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Title: Koryu  
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For the professional sumo wrestler, see Kōryū Tadaharu. For the fictional ship Koryu, see Sky Girls.
Centuries of feudal warfare in Japan, and the desire to perfect the skills for war, led to the creation of the traditional schools of Japanese martial arts.
Japanese name
Kanji: 古流 (Koryū) or
古武道 (Kobudō)
Hiragana: こりゅう

Koryū (古流 old style?) and kobudō (古武道 ancient martial arts[1]?) are Japanese terms that are used to describe Japanese martial arts that predate the Meiji restoration (1868). The term is contrasted with shinbudo "new martial way",[2][3] or Gendai budo "modern martial arts", both terms used for Japanese schools developed after the Meiji Restoration.[2][3]


In Japanese, kobudō 古武道 and ko-ryū 古流 are normally treated as synonyms (for example, All Japan Kendo Federation,[4]). The International Hoplology Society, makes a distinction between kobudō and ko-ryū concerned the origin and the difference between the ranking of priorities concerning combat, morals, discipline and/or aesthetic form.[5]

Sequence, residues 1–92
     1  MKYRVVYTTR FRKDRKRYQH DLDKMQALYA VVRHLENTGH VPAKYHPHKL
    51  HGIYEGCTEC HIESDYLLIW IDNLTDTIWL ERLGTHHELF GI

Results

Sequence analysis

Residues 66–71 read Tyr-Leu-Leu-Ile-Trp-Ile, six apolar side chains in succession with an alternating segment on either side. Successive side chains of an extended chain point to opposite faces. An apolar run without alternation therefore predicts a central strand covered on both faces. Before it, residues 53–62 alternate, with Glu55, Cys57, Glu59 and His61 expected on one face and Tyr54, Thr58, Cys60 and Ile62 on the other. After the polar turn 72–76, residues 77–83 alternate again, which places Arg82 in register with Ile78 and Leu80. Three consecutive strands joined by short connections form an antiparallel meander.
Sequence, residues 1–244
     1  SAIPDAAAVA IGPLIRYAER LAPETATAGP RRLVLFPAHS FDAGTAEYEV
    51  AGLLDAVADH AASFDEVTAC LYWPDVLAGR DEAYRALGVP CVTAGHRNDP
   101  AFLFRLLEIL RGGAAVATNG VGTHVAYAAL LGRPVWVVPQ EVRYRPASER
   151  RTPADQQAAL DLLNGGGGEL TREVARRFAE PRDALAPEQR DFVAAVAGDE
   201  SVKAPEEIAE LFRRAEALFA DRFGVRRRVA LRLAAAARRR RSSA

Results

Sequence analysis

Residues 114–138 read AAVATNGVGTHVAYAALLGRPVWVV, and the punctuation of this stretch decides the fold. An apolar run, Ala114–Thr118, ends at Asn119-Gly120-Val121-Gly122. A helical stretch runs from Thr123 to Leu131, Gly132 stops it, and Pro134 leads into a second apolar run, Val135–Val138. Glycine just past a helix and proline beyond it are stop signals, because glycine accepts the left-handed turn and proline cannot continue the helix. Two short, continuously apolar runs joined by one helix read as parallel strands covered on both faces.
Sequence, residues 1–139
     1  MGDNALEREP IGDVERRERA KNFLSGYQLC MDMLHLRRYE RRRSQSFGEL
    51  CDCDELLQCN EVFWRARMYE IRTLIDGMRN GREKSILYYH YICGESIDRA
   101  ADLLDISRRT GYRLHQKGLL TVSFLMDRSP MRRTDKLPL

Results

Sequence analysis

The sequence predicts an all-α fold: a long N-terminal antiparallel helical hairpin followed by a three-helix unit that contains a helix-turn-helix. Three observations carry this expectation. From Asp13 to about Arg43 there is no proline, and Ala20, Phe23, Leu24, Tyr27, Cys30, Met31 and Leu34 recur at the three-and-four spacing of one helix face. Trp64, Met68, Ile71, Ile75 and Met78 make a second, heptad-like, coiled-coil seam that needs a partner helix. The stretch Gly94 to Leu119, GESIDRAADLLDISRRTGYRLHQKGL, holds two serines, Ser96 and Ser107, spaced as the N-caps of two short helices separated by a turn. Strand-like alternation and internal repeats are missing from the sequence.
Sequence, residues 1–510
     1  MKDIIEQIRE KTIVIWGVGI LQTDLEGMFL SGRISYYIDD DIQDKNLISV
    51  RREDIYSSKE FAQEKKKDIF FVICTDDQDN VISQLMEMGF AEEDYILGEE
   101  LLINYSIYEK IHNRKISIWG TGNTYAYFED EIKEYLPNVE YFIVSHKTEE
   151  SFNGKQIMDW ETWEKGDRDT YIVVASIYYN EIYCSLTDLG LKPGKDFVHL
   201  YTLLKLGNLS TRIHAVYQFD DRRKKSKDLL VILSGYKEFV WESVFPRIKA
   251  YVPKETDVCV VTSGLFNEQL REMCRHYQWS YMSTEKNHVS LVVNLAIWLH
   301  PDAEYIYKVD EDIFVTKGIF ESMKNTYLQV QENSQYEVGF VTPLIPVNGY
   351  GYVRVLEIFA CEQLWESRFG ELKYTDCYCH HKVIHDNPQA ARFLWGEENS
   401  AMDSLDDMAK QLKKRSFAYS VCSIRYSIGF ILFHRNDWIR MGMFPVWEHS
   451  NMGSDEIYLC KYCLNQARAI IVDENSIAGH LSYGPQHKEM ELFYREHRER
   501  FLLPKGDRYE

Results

Description of Koryū

This term literally translates as "old school" (ko—old, ryū—school) or "traditional school". Koryū is also a general term for Japanese schools of martial arts that predate the Meiji Restoration (1868) which sparked major socio-political changes and led to the modernization of Japan.[6]

The system of koryū is considered in following priorities order: 1) combat, 2) discipline 3) morals.[7][8]

Description of Kobudō

Kobudō (古武道 kobudō?) is a Japanese term for a system that can be translated as (old) (martial) (way) "old martial way"; the term appeared in the first half of the seventeenth century.[9] Kobudō marks the beginning of the Tokugawa period (1603-1868) also called the Edo period, when the total power was consolidated by the ruling Tokugawa clan.[10]

The system of kobudō is considered in following priorities order: 1) morals, 2) discipline 3) aesthetic form.[11][12]

Okinawan kobudō

Kobudō must not to be confused with Okinawan kobudō which may be used to describe collectively all Okinawan combative systems. These are entirely different and basically unrelated systems. The use of the term kobudō should not be limited, as it popularly is, to the describing of the ancient weapons systems of Okinawa.[13][14]

Examples of skills taught in koryū or kobudō

See also


External links

  • What is Koryu?
  • in English. Provides articles and links to books.
  • KoryuWeb in French and English.

Template:Japanese martial arts

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